How to Sell Your Business or Product over the Phone
If you want potential customers to call your business, make your phone number large and bold, and give them a reason to dial it by helping them understand what you offer in your ads. And then be ready to treat every call as a very valuable business opportunity — which it is.
Here are some ways to make sure that your business phone calls don’t get fumbled:
Answer calls promptly. Pick up after the first or second ring whenever possible. Even if you have a receptionist, train others to serve as back-ups, answering if calls reach a third ring.
Transfer calls as quickly as you answer them. Be prompt about getting the caller to the appropriate person in your business. If that person isn’t available, say so immediately. Offer to take a message, put the caller through to voicemail, or find someone else to help.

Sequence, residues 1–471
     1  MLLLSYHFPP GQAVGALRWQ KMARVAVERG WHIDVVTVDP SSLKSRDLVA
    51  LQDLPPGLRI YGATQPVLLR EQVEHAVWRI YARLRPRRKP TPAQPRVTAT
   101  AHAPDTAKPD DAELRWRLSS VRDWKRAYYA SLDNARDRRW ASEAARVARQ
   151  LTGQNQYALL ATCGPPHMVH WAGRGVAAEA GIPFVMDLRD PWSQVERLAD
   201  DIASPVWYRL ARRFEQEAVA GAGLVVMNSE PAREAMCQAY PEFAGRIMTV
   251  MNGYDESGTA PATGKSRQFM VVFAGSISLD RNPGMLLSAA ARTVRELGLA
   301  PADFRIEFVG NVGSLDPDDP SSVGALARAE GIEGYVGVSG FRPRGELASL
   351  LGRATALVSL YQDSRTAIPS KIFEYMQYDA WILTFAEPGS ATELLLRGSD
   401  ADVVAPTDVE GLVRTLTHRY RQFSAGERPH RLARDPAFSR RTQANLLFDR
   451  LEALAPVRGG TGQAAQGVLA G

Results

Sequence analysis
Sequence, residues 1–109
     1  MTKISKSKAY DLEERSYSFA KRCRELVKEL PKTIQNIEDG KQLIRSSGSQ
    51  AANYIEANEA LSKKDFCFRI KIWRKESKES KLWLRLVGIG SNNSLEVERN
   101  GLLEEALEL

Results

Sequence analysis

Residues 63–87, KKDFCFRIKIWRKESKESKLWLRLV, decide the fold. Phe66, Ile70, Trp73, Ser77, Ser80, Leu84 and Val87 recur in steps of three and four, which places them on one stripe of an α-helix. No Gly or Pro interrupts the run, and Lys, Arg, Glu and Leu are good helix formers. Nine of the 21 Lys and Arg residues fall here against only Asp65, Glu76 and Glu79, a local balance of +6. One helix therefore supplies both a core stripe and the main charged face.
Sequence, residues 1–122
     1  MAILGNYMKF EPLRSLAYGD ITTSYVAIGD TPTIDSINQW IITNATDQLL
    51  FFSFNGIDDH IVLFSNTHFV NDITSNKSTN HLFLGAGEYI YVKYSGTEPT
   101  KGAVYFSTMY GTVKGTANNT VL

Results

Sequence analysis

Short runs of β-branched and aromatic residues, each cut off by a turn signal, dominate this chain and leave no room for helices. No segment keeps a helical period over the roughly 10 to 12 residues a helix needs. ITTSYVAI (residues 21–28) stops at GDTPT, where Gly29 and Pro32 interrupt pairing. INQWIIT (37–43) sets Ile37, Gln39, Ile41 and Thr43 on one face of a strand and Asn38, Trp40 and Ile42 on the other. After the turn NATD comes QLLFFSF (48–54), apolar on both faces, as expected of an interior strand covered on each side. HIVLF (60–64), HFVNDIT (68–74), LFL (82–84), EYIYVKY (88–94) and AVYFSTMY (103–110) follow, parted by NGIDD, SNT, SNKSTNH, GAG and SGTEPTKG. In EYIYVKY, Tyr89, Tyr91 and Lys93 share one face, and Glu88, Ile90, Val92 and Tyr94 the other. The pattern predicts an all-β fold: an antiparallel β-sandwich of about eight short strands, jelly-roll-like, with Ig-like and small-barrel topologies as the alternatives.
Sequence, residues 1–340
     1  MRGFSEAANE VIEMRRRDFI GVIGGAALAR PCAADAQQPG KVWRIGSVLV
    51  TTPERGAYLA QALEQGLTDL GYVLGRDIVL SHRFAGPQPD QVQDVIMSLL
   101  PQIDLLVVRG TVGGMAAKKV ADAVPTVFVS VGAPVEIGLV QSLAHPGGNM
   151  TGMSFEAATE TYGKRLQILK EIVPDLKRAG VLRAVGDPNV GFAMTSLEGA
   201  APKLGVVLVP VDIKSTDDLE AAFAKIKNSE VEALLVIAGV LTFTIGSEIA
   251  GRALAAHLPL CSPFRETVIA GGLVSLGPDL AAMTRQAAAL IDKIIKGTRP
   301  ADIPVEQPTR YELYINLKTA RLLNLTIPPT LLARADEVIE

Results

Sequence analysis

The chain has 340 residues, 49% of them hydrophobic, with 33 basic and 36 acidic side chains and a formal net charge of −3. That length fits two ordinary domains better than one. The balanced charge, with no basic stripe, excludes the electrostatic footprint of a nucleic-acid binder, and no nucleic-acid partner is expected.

Get everyone in your company to answer the phone in a consistent and professional manner — always starting with the business name. In this age of personal lines on every desk, people too often answer all calls as if they were personal calls. “Hello, this is John” is not an appropriate business greeting unless you’re a one-person business that receives calls only from people who know they want to talk with John.
Keep voicemail messages brief and friendly. Use wording that conveys your business purpose and personality. Avoid long, overly programmed greetings.
Ask your phone company to monitor and report on your hang-up rate. Multiple rings, lengthy hold times, and voicemail responses can prompt callers to abandon their efforts to reach your business.
Consider placing mirrors near the phones if your business relies heavily on telephone contact. A smile can make a voice more attractive — and more natural, friendly, and enthusiastic. You’ll be able to hear the difference — and so will the person on the other end of the line.
If a phone conversation with a potential customer doesn’t naturally uncover how the person obtained your business’s phone number, take a few seconds (but only a few seconds) to ask something like, “I’m glad you called us. We’re always working to improve our communications and I’d love to note how you got our phone number.”